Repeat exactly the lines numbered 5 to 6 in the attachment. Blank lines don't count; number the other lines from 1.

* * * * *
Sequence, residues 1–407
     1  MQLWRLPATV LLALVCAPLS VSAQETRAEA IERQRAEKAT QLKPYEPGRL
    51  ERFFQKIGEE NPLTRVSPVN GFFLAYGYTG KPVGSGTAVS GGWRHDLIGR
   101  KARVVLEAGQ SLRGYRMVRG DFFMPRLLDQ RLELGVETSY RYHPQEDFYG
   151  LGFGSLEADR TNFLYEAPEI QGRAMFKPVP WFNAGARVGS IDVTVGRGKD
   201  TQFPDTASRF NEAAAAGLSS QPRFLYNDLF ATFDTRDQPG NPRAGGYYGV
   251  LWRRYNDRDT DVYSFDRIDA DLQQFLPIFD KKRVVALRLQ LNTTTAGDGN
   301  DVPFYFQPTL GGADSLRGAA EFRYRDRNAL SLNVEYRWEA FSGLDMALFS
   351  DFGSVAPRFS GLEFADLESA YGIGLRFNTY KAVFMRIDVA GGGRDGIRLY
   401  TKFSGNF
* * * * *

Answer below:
   151  LGFGSLEADR TNFLYEAPEI QGRAMFKPVP WFNAGARVGS IDVTVGRGKD
   201  TQFPDTASRF NEAAAAGLSS QPRFLYNDLF ATFDTRDQPG NPRAGGYYGV